Last Year’s Resolutions

I have no qualms about sharing my thoughts to complete strangers on the Internet—that’s why I have a public Twitter account. And If you look at my timeline, there’s a lot of profanity, subversive opinions, subtweets, failed attempts at being funny, comments on movies, a smattering of shutdowns, and the usual boring shit like what I’m doing or where I’m at.

What you won’t find in my timeline, however, are New Year’s resolutions. It’s not that I don’t have any, but I just don’t want to unwittingly jinx my plans.

I envy people who post Facebook statuses about how they’ve already booked a flight to Thailand, or those who share their plans on how to get fitter and sexier this year. Maybe it’s the pessimist in me, but I want to keep my plans to myself until I am sure that they will happen. The more I feel uncertain about  reaching a goal, the more secretive I get. This is why I’m not in marketing.

So when I decided that 2013 was going to be a year of learning new things, I didn’t  announce any of my plans on Facebook or Twitter. I just set goals for myself—write every day, learn a new language, play a musical instrument, take scuba diving lessons, read a new book every two weeks, and update this blog every week.

First entry and I was talking to the notebook. I would like to think I have made progress since.

I didn’t get to do all of those things, except for enrolling in French classes and writing daily—the latter one I even cheated in. At times I would find myself writing two or three entries in a row after skipping a day or two of writing. But by the end of March, I grew more confident that I could follow a daily writing routine for the rest of the year. That was when I started telling my friends about it without the fear of a jinx.

While some journals are meant to be kept secret, I wrote mine, thinking that someone might read it someday. Thus I was initially compelled to censor myself, but eventually scrapped the notion. I did try to avoid writing about myself as much as possible though, because that would be so boring. Instead, I wrote travel notes and reviewed movies and TV shows. I put down my thoughts on divisive topics people talked about, and crafted future literary masterpieces, like the one I did on the art of pooping.

And when I did write something about myself, it was more on how I was feeling at a particular time. I  reflected on why I felt that way and tried to learn from it, instead of just narrating how shit went down.

Groundbreaking stuff

I learned that my grammar sucks, and that when you’re out of ideas, even the most trivial things could be interesting. I learned how powerful words are and how good sentence construction helps in getting ideas across. I learned that my writing is far from good. But more than anything, I realized how much I love writing.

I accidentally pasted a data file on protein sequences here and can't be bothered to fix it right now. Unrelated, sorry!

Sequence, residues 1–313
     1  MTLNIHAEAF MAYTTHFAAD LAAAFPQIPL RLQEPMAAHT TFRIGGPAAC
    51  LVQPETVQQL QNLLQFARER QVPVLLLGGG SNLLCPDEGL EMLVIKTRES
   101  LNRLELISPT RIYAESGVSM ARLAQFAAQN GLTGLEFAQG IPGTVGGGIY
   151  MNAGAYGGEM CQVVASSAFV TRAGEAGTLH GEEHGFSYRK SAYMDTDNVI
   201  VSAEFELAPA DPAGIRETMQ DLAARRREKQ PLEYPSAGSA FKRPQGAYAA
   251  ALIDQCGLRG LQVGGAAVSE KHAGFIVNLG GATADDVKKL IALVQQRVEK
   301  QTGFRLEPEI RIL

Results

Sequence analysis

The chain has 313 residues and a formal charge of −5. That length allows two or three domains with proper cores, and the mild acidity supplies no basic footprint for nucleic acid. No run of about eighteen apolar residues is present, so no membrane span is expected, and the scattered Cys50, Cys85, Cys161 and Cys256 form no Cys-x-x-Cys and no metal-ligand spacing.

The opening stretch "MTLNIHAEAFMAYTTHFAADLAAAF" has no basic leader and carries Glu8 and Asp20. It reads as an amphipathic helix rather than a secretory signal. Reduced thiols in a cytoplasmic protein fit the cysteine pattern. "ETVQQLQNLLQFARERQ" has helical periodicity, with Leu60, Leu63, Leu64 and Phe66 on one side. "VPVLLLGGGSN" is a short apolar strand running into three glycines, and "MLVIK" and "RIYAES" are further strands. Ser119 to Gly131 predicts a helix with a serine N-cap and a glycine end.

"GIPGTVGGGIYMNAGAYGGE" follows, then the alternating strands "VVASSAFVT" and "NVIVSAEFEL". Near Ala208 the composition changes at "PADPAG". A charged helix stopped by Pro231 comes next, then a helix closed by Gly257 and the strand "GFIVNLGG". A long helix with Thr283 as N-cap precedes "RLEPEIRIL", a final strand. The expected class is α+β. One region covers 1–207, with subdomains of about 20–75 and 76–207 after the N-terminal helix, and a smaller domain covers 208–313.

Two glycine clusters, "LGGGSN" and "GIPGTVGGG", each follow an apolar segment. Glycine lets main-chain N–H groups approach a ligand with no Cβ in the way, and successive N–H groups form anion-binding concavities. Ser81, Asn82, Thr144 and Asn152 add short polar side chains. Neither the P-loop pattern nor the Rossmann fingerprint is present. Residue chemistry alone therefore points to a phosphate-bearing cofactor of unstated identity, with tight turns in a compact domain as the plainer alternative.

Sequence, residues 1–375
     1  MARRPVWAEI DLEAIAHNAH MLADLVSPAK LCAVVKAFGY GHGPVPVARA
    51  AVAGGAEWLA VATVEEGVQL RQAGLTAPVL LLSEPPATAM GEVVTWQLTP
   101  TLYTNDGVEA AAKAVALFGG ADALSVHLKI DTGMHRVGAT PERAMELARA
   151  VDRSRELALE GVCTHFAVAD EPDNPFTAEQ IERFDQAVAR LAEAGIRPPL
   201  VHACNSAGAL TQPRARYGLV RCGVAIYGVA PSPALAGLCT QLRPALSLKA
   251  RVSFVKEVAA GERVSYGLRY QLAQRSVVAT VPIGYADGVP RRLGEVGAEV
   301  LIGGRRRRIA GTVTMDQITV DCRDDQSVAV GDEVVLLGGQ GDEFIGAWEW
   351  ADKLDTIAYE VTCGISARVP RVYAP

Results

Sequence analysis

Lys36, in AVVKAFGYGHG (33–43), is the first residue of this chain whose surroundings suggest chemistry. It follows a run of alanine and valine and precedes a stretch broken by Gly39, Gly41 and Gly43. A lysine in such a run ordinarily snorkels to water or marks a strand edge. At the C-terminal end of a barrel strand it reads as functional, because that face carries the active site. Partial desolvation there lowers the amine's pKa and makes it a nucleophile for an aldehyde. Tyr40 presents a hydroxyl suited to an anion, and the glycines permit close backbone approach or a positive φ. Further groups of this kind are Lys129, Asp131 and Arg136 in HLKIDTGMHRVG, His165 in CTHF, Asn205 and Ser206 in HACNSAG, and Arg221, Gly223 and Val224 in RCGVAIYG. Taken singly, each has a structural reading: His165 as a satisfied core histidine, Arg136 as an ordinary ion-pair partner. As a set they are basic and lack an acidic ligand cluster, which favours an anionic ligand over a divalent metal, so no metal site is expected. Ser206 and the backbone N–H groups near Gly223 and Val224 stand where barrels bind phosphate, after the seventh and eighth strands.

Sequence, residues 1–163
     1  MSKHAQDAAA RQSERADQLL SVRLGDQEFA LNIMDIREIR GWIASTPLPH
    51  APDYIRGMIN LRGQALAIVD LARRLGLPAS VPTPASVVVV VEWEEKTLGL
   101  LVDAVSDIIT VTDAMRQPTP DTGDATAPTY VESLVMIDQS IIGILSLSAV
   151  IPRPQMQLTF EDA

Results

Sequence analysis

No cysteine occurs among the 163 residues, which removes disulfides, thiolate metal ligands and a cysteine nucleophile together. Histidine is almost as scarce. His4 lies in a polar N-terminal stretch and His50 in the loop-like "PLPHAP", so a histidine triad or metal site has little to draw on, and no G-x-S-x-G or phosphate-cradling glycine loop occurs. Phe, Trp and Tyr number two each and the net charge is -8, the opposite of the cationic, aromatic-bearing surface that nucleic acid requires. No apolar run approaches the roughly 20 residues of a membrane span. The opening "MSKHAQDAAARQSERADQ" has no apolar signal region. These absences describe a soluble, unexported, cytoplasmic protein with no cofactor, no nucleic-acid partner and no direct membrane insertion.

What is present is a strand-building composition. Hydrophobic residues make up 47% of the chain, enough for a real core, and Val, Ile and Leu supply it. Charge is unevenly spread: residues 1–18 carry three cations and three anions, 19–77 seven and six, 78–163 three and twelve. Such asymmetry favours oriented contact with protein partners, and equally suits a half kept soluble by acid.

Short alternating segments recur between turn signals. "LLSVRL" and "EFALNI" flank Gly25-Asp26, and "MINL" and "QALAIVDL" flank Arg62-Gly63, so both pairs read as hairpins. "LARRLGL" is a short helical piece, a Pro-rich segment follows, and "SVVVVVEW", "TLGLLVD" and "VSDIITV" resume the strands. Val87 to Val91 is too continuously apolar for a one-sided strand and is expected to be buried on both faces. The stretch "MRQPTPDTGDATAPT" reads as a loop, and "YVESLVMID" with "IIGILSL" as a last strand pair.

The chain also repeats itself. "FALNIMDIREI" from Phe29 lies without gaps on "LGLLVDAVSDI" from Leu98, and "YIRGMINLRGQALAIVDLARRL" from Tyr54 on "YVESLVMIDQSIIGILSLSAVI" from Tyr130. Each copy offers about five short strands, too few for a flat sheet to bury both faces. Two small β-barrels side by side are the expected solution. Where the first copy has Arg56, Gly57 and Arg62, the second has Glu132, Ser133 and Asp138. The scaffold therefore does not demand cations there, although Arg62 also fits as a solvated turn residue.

I read a quote somewhere that goes something like, “What you do instead of your actual work is your job.” There’s  another one that says, “The first thing that you do in the morning is the thing that you love the most.” And for me that’s writing. The fact that I spent my last day of vacation writing about writing is testament to that.

I feel that the age of 25 is a little  late to discover what you really love to do. But I take inspiration in the successes of such writers as Bram Stoker, José Saramago and Mark Twain, who all started their writing careers later in life. Actually, I’m a step ahead of Saramago because his writing routine involved writing only two pages every day; I write 3. HA! (But quality over quantity, I know.)

My friend asked me what I plan to do in the future, and I couldn’t give an answer for fear that he might scoff at me if I told him that “I want to write.” And I’m sure some of you are scoffing right now because I’m being ridiculous.

Realizing that I want to be a writer also meant realizing how infinitely scary it is to admit it. It’s as if you’re exposing the most vulnerable part of yourself. I am scared of people mocking me and belittling my dreams of becoming a writer. But I really should stop worrying because no one really cares. And I should use that to my advantage and improve on writing while no one’s looking.

I still don’t know what to do to become an actual writer. What does an “actual writer” even mean? I know I should read more. I want to keep on blogging. Maybe this year we’ll probably meet that one-blog-post-a-week goal?

I want to write for popular websites like Rookie, Hello Giggles or Rappler. I want to write like Rookie editor and American teenage goddess Tavi Gevinson, or my movie soul sister Anne T. Donahue. I want to write with wit and humor like Joyce Wadler. I want to write fiction. I want to have a book of essays like Jessica Zafra.

I’m not afraid of sharing these with you because these are all dreams, not plans.

And jinxes don’t work on dreams.

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